Where are we safe?

On Easter Sunday, Sri Lanka’s capital, Colombo, was rocked by multiple bombings on churches and hotels that resulted in, up to press time, the deaths of some 321 persons with hundreds of others injured. Many were killed as they worshipped on Christianity’s holiest of days – the day of the resurrection of Jesus Christ. From all appearances, the bombings were carried out with precision and were well-coordinated.
The shock of this horrific incident swiftly resonated beyond that country’s borders as the world watches on in the aftermath, searching for answers. This follows just over a month ago the shootings in New Zealand, where a gunman opened fire in two mosques killing 50 worshippers during their sacred Friday prayers. Like Sri Lanka, that was felt across the world as the lives of innocent beings were made valueless as in the case on October 27, 2018, when 11 persons from the Jewish community were killed while in worship at a synagogue in Pittsburgh.
There were many such incidents over time in various parts of the world. Seventeen students killed at the Majority Stoneman Douglas High School in Florida, on February 14, 2018. In that same state, 49 were killed inside a gay nightclub in Orlando on June 12, 2016. Fifty-eight concertgoers were killed in Las Vegas on October 1, 2017. Twenty were killed at the Sandy Hook Elementary School, Connecticut on December 14, 2012 and 77 killed in Norway on July 22, 2011.
In addition, there were many fatalities resulting from shootings at various work sites in some countries and vehicles deliberately crashed into crowds with the intent of maximising casualties. Clearly, from these incidents persons were not safe whether they were at a holy place of worship, school, at work, at an entertainment spot or taking a stroll on the street. In every instance, each would have believed that their safety was not an issue.
These acts of terrorism continue to ask the question; where are people really safe? Those places are generally expected to be – not the least, at home. Sadly, there is no guarantee even in the latter. Take for instance here in Guyana, with its share of acts of terrorism as seen in the Lusignan, Bartica and Lindo Creek Massacres, crime continues seemingly unabated as every day the news is inundated with stories of unsuspecting persons being robbed, beaten and some killed in what is supposed to be the safety of their homes.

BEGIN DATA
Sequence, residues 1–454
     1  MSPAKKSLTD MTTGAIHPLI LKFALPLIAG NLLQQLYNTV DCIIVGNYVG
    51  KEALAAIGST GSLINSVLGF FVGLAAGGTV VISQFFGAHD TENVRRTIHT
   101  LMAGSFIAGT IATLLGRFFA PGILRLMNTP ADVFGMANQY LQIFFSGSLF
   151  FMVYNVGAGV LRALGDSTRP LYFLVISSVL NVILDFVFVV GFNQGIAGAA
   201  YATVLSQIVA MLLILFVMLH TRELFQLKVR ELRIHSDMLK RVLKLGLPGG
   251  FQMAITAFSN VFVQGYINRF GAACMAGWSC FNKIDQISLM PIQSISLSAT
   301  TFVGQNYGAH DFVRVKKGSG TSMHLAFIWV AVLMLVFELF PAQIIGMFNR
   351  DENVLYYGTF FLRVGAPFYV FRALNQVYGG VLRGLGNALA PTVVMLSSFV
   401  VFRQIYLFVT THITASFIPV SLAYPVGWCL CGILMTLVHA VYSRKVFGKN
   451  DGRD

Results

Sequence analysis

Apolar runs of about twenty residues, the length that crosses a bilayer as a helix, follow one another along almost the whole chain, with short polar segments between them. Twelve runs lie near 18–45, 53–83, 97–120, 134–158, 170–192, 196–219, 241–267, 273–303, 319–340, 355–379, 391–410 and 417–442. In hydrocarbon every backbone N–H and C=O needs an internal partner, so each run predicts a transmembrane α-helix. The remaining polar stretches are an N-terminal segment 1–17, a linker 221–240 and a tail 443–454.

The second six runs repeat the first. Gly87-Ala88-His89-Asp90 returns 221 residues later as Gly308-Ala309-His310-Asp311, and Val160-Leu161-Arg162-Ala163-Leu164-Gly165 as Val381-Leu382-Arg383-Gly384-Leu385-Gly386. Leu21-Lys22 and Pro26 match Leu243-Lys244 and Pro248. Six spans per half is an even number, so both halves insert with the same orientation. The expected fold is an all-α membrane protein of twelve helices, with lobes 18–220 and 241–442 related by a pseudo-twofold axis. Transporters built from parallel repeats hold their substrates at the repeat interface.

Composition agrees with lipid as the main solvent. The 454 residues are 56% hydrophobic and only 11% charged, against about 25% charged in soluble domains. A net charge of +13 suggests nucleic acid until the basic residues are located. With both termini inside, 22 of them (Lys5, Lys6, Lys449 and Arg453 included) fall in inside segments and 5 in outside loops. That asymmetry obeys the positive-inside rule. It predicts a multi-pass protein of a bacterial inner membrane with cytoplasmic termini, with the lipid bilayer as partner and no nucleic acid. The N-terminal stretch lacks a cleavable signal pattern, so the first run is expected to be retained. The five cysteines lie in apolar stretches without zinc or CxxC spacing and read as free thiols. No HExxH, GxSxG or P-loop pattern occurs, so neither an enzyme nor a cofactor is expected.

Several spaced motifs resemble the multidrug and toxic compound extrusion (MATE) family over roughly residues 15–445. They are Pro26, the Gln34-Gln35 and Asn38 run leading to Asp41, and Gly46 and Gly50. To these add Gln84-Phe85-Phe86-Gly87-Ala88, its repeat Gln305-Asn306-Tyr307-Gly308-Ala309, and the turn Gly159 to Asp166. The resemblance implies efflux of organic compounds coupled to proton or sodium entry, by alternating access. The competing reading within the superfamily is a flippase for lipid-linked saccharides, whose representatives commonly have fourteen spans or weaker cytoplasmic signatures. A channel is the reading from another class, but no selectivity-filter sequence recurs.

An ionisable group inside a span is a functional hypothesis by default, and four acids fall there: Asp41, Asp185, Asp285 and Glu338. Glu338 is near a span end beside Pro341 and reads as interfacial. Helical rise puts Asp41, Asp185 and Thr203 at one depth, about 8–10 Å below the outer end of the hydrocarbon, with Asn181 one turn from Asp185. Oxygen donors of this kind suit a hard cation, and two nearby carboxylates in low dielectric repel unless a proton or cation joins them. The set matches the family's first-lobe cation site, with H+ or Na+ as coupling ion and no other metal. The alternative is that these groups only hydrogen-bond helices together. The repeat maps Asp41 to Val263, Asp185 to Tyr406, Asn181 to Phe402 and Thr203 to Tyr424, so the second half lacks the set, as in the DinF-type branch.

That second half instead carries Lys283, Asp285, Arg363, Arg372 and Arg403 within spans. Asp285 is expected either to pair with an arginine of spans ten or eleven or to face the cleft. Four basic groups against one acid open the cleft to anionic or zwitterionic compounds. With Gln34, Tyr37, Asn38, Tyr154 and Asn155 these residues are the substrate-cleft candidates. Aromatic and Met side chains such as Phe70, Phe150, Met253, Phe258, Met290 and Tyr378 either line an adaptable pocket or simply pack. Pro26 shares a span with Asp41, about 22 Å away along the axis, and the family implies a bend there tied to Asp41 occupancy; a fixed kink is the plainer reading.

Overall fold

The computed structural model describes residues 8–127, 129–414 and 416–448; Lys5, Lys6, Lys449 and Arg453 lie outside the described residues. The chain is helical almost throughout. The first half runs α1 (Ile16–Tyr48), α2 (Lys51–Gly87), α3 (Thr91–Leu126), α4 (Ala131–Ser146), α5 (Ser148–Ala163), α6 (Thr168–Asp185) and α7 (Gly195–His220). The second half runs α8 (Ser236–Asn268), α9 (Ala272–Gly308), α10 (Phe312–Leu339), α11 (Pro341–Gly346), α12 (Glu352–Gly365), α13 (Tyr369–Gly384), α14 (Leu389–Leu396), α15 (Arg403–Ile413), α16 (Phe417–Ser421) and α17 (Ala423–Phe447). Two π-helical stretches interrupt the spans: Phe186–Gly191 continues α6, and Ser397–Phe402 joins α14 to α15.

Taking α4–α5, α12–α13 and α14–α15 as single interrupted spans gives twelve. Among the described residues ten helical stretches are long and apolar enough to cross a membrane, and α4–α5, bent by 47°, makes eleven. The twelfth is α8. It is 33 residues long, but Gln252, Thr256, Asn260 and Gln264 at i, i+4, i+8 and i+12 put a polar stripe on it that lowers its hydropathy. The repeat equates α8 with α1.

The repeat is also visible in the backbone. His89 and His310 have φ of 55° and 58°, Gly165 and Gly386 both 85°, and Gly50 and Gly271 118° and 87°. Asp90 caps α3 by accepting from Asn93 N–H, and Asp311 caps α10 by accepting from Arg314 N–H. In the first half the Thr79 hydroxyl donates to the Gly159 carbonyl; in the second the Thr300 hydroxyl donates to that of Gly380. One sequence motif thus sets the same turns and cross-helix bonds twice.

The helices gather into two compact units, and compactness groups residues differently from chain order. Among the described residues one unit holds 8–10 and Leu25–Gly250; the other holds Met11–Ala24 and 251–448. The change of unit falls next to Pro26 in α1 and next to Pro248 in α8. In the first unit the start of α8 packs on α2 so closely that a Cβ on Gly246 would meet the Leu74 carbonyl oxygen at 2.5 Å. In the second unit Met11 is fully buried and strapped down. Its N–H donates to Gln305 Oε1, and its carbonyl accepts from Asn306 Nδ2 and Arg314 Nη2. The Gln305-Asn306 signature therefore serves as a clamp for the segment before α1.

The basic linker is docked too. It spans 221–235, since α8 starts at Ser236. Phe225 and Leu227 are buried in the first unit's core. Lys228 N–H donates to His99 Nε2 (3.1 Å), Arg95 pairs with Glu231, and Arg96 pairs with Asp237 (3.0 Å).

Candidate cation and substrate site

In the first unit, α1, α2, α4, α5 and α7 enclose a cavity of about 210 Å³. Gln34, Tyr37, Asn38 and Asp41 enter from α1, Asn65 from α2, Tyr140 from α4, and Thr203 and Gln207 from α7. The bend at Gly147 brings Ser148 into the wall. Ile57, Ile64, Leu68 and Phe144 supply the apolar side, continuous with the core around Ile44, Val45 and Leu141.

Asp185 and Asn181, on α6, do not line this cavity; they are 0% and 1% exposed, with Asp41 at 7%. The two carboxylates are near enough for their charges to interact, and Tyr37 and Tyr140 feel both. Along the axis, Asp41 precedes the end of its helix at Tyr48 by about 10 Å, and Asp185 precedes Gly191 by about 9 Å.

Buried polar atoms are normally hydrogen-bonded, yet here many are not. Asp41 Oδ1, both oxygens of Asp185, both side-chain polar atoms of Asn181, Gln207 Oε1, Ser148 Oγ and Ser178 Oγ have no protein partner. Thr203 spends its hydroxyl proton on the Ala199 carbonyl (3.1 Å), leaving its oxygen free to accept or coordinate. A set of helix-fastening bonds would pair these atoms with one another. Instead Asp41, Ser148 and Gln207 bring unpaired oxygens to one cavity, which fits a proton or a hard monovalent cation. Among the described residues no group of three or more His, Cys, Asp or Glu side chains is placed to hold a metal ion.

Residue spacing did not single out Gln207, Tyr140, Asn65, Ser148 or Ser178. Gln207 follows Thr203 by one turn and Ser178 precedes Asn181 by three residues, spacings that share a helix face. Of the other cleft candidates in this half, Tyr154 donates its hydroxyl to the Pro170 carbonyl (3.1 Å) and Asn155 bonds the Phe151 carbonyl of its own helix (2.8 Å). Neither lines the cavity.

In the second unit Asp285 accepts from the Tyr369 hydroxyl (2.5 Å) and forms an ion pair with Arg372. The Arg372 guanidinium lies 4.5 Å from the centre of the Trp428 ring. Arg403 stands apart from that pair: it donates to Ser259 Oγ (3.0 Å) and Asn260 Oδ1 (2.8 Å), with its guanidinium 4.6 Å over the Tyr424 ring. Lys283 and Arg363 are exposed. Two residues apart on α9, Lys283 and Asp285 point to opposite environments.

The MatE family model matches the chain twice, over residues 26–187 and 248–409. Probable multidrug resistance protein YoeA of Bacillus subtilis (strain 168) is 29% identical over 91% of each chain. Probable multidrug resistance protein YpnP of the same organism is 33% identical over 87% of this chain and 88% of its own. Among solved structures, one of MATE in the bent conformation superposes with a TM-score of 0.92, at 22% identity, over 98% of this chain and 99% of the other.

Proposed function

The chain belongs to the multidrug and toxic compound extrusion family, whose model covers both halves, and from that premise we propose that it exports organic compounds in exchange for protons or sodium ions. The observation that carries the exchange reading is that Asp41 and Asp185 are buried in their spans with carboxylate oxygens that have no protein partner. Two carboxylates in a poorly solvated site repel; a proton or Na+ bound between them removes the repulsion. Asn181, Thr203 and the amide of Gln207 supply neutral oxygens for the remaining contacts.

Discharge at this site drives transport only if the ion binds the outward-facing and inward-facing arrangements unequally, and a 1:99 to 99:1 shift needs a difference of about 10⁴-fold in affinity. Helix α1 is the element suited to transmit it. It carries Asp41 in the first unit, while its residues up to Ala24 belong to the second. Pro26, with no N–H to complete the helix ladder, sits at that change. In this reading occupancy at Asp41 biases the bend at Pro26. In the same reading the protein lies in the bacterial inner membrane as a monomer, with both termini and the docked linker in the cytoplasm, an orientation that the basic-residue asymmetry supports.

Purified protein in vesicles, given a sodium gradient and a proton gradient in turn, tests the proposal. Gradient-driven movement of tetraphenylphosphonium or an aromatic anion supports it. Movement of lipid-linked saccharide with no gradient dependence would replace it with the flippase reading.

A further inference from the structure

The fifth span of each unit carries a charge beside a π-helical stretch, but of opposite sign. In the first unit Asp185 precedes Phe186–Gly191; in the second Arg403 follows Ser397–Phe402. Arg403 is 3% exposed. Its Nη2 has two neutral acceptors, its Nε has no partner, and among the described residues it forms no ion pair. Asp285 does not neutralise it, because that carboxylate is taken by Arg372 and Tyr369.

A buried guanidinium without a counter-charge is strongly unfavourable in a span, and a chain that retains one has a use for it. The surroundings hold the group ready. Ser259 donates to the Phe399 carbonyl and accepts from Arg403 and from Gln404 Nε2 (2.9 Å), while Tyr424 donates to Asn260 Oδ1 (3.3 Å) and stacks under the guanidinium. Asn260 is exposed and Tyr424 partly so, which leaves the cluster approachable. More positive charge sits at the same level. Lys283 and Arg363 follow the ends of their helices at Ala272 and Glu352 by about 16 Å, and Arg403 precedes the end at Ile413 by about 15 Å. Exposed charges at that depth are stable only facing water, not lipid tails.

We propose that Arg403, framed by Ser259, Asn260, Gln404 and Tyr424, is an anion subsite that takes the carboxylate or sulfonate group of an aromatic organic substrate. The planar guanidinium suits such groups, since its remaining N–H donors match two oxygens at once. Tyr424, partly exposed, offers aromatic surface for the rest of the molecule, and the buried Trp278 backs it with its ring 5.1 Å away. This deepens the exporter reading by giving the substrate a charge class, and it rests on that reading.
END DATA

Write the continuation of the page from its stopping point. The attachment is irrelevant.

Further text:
Last week, the Government embarked on a Cabinet outreach in Berbice. Ministers with their entourage were there, as was the requisite security for such an undertaking. From what has been reported, it appears that the presence of the increased security did not deter criminals who went about their task seemingly without bother. As a result, some residents, including the elderly, were robbed and beaten. This is not confined to Berbice, but prevalent across the country.
Sunday last, a Bartica man was shot dead and a miner who witnessed it was abducted. Just recently, a moneychanger was robbed and killed by bandits early in the morning a stone’s throw away from Parliament Building; a visiting cruise ship director was beaten and robbed on returning to where the vessel was docked and there were reports on social media of a mob allegedly robbing a few foreigners at a city car park, which has become notorious for robberies and which continues to seemingly go unchecked by the authorities.
In the past, there were even reports that some schoolchildren were robbed of their lunch money. The question of safety is one Guyanese continue to grapple with as fear grows with every passing day. Some frustrated residents are of the opinion that their safety does not matter. When the Berbice situation is taken into consideration, especially when, reportedly, criminal acts were perpetuated even as officials were present in the county, residents cannot be faulted for feeling that way.
Shortly after that outreach, it was reported that some suspects were arrested following a Police operation. More than likely, the crime situation in Berbice would have been brought to attention during the said outreach. It seems fair to ask whether the authorities were aware of the situation prior to the Government engagement.
Surely, they must have known; therefore, the question must be asked: why wasn’t it done before? With that in mind, could it be that the operation was to demonstrate a swift response from the outreach to show the Government listens and takes action?
If there is any truth in that, then there is serious cause for worry since it can suggest that prior cries, through media reports and the victims, probably went unheeded. Similar sentiments are warranted for the situation at the city car parks given the continuous rampage of criminal activities there. Many are asking, why does it continue given the Government’s boast of being able to combat crime? Where is safe in Guyana with crime unabated?
These seem fair questions from fearful Guyanese; questions for which the Government and the citizens will have different answers. The sad irony from Sri Lanka is that on the day the resurrection was celebrated, many were killed. The value of human lives is, therefore, questioned. That question of value is posed to the Government here.